Rossi's VR46 team will be seeing a lot of red in the coming 2022 MotoGP season, as a partnership with Ducati has been inked. The deal will start in 2022, and last all the way to 2024, spanning a three-year period.
Yamaha didn't go down without vying for the deal, however, since the Japanese manufacturer allegedly offered VR46 a discounted rate for its bikes. The offer was even better than the one given to Petronas SRT, however, VR46 still chose to partner with Ducati.
Valentino Rossi has had a bit of history with the Italian marque, racing with them in the premier class in 2011 and 2012.
The team is also gearing up for the 2022 MotoGP season, and taking up Avintia's grid slots. The Spanish outfit is getting ready to depart MotoGP and will be doing so by the end of the 2021 season, having signed a five-year agreement with Dorna Sports.
Of course, the folks at Ducati are quite pleased with the outcome. Ducati's General manager, GigiDall'lgna said: "We are very pleased to have reached this agreement with VR46 for the next three years. Their Academy has always worked seriously and with great professionalism, giving many riders the opportunity to gain experience in Moto2 and Moto3, and today they can be proud to have brought three young riders of great talent. VR46 has also shown that it is able to competently manage a successful team in Moto3 and Moto2 and therefore we will strive to provide the maximum technical support to their new team in MotoGP, convinced they have found in VR46 an ambitious and motivated partner like us, with a common goal to achieve great results together."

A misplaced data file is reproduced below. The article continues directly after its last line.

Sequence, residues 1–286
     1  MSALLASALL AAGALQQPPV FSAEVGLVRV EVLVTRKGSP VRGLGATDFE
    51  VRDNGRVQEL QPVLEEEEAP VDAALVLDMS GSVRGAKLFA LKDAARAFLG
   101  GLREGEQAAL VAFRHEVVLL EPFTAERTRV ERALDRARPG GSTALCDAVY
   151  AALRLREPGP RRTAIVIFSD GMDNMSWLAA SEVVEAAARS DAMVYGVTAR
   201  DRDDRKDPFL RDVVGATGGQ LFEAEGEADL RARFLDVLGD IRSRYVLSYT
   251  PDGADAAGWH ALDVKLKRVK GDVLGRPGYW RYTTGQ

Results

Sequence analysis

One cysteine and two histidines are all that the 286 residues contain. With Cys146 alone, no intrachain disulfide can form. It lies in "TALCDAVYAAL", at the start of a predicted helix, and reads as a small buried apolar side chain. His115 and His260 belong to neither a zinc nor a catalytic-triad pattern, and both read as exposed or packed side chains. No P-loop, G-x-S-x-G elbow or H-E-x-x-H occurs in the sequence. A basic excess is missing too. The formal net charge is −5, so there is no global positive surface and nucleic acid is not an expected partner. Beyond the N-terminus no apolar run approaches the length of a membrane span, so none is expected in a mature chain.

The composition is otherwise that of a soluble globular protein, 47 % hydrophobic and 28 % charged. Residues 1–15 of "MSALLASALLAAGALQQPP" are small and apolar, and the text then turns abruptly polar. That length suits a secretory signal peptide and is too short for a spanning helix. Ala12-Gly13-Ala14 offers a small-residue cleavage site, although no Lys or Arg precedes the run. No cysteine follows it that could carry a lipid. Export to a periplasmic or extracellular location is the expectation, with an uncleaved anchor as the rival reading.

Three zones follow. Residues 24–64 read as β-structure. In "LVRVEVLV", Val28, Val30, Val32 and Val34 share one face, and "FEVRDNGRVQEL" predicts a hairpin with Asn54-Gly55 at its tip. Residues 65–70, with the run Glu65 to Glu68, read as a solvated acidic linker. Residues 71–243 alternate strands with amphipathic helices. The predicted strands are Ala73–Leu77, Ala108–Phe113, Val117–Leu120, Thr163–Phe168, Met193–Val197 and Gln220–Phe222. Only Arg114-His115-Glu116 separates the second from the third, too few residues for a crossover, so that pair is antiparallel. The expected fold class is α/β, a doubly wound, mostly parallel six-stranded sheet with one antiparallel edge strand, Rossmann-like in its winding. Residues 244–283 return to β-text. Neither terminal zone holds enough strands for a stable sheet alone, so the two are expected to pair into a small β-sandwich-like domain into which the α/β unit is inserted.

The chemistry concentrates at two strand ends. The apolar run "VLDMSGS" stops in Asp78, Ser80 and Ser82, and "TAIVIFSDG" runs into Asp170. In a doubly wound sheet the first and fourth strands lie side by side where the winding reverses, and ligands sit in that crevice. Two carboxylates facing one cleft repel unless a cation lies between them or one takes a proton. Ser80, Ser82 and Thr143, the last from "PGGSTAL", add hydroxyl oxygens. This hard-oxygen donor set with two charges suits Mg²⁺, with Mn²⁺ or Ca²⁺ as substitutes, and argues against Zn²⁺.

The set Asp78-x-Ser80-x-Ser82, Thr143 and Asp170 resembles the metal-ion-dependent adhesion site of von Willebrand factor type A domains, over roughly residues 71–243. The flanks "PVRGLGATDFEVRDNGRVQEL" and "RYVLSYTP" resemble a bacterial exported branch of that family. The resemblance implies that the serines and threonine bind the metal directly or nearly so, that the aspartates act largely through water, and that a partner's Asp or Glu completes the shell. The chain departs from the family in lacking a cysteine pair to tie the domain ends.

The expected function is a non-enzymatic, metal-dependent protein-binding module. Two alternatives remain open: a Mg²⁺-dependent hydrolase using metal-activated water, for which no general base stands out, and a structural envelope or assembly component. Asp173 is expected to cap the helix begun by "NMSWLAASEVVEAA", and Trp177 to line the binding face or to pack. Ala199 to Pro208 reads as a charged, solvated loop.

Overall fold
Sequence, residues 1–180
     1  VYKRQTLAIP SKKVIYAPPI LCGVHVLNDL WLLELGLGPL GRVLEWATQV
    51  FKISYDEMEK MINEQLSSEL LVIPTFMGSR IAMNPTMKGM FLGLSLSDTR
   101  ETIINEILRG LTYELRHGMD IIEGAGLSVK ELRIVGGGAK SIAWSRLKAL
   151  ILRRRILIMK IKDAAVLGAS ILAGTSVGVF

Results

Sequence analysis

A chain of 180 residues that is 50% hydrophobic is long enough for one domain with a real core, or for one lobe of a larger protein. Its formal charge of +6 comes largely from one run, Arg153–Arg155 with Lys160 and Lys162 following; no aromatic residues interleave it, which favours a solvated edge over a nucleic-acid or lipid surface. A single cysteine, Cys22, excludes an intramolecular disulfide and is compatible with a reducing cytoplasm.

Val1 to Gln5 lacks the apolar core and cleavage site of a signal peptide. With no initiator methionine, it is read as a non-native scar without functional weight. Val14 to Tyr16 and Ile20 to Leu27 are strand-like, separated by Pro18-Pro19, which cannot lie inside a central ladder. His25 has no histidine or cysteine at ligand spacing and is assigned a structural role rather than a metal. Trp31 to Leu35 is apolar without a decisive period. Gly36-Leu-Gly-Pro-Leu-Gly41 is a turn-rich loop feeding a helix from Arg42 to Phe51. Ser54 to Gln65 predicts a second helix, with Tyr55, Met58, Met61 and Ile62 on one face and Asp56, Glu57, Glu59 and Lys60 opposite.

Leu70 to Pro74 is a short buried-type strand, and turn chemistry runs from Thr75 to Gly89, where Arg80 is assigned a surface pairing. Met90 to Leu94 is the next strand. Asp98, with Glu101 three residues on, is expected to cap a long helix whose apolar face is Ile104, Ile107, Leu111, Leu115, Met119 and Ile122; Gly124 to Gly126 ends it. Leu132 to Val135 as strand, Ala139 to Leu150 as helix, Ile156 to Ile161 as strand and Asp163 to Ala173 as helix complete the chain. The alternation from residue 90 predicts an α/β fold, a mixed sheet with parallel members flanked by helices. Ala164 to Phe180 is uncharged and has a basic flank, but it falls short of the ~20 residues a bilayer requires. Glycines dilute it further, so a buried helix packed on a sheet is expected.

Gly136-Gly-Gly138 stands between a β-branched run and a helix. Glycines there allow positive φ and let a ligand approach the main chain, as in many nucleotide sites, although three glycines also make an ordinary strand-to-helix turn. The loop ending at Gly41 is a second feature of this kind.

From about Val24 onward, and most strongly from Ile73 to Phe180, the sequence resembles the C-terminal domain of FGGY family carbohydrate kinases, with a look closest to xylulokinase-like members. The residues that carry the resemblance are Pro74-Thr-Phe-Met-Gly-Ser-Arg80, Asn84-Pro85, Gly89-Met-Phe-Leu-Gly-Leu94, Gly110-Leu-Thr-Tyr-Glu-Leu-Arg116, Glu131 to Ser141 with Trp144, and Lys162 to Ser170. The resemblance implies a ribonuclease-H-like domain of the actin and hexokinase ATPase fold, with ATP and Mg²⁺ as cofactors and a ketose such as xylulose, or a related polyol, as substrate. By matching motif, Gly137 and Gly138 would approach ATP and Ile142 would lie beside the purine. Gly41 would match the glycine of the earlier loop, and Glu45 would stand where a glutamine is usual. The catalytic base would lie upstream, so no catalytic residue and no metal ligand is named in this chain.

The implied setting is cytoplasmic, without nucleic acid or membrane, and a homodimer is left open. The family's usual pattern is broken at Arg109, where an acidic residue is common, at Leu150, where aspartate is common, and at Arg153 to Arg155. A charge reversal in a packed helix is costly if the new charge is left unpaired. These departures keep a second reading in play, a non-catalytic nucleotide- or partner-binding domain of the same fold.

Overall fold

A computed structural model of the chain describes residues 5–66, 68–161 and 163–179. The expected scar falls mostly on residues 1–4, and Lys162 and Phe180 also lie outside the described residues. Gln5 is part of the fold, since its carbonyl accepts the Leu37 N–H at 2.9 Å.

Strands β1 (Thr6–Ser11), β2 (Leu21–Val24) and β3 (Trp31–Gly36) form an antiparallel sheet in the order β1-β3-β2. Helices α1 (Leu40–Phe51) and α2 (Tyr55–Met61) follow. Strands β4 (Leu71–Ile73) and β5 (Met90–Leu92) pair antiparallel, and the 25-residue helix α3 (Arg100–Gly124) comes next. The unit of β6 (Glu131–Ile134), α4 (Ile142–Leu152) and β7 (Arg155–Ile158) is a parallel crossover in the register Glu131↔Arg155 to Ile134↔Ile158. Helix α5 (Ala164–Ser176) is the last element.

Now that the VR46 team will be crossing over to team red, it's expected that Luca Marini will be seen on a factory-spec bike, while a 2021 Desmosedici will be made available for his teammate—likely Marco Bezzecchi.
Thanks to this deal, Ducati adds yet another team to its satellite factory squad, which includes the likes of Pramac, and Gresini Racing. This brings the total number of Ducati race bikes on the grid to eight—the first time since 2018.